During World War II in North Africa, a group of British commandos disguised as Italian soldiers must travel behind enemy lines and destroy a vital Nazi oil depot.During World War II in North Africa, a group of British commandos disguised as Italian soldiers must travel behind enemy lines and destroy a vital Nazi oil depot.During World War II in North Africa, a group of British commandos disguised as Italian soldiers must travel behind enemy lines and destroy a vital Nazi oil depot.
What hits me straight away is the comparisons to Robert Aldrich's 1967 film "The Dirty Dozen", which gets unfairly lumped onto this feature. Honestly this low-key WW2 British production has some similarities, but it has its own story to tell and it's a real good one too. Andre De Toth's direction is resourcefully efficient and randomly unpredictable in detailing the plight.
What George Marton's originally cunning story does, is leave behind all of those slapdash clichés. Looking for something more compact, taut and venomously scathing. It's so open minded, it's hard to tell what's going to occur next and while there might not be much background to these characters. This shows how expendable these men are when at war, but the lack development can be put down to the character themselves. Their here for the present, and they got a job to be done and there's not time for personal insight, because they just don't care. The custom pattern that occurs in a jaggedly slow tempo feels deliberate by trying to get the viewer to experience the rugged path that could lead to their impending doom, before even encountering the enemy. These are the moments when the tension really holds up. Glory and principal is discarded in very cynical fashion, in favour of primal instinct for one self. These are a unlikeable bunch. Exciting entertainment this is not, because it stays pretty level with the film's natural grit, devious intentions and lack of reasoning for the mission. Thrown in are one or two daring and unusual aspects, like the two candidly gay Arabs. The bone-dry script (penned by Melvyn Bragg and Lotte Colin) simply grits its teeth with bitter, ironic and stern dialogues that snaps with tersely realism. You can just see why this wasn't a commercial success (say like Aldrich's war film), and the sourly unrewarding and sudden conclusion is the icing on the cake. I liked this final curve-ball.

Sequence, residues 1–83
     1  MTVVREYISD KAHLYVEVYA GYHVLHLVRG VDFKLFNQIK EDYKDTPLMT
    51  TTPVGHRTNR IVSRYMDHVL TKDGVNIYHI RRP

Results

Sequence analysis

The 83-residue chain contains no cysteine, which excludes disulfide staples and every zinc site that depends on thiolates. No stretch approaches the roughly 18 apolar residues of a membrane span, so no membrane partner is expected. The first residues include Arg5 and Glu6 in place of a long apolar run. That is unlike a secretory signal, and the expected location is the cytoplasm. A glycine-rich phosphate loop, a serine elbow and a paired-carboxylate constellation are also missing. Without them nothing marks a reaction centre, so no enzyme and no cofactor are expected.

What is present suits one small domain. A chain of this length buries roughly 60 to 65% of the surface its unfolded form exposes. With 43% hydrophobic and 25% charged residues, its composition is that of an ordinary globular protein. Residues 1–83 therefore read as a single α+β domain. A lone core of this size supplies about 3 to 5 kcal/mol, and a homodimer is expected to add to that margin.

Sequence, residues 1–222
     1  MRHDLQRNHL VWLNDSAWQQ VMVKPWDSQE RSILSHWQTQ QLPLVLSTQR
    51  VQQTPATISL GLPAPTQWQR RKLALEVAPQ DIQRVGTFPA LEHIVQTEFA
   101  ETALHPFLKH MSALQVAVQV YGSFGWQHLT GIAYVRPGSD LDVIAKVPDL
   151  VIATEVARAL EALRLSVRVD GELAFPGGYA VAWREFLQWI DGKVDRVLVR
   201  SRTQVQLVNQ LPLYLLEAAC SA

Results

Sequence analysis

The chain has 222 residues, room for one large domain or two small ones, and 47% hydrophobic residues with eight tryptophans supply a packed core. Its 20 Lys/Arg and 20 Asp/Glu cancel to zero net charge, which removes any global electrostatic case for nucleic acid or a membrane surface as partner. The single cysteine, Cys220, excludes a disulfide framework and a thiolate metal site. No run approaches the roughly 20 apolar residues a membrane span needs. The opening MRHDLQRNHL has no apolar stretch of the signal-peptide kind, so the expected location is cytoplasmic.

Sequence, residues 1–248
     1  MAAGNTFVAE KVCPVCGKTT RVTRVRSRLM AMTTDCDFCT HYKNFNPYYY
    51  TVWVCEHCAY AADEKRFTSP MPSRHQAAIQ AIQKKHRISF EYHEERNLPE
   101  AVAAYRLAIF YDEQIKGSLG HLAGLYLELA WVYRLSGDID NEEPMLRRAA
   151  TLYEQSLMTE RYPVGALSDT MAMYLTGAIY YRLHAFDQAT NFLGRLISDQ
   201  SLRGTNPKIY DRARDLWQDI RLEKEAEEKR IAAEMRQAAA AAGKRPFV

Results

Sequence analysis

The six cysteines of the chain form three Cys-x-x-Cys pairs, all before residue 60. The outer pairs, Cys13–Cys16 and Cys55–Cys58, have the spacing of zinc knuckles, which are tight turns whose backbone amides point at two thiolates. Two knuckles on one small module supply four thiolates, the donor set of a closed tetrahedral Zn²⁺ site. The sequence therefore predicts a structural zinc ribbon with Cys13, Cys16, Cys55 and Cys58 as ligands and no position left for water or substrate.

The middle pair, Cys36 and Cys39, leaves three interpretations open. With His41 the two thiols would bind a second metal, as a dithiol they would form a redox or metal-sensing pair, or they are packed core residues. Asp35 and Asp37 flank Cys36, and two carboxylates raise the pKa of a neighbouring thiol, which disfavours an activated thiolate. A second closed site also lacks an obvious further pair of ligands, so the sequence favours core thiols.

The harshly barren and dusty terrain depicts the unsparing tone of the film superbly with Edward Scaife's illustratively expressive camera-work skilfully mixing its scenic and upfront shots within the aim of the story's actions. Michael Legrand's understated music score is goes by virtually unnoticed, but this only heightens the tension because there's no real cues. Most of the music comes from a radio playing on the journey. De Toth gustily demonstrates convincing action scenes. They might be quick and few, but when they happen it's chaotic, rough and relentlessly staged with conviction. Just look at the eruption of explosions towards the dying end. His pacing can be off and get rather padded, but he never loses what his trying to say within these scenes and actually they probably add more to wearily sparse tone. Michael Caine and Nigel Davenport do a serviceable job in their parts and the pair's edgily unsure relationship is quite a compelling one. Caine's professionally stout and well-judged performance as Captain Douglas works fine and a slyly hard-boiled performance by Nigel Davenport as the rogue Captain Leech is that of high quality and the pick of the lot. Living it up in minor roles are Nigel Green and arrogantly gusto turn by Harry Andrews. The rest of the support roles pale in the light of the two leads. However they are solid and gritty performances that fit the mould.
This one undeservedly gets left in the dark, but this hardy effort is a well made and acted war piece due for rediscovery. Recommended.
- May 2, 2007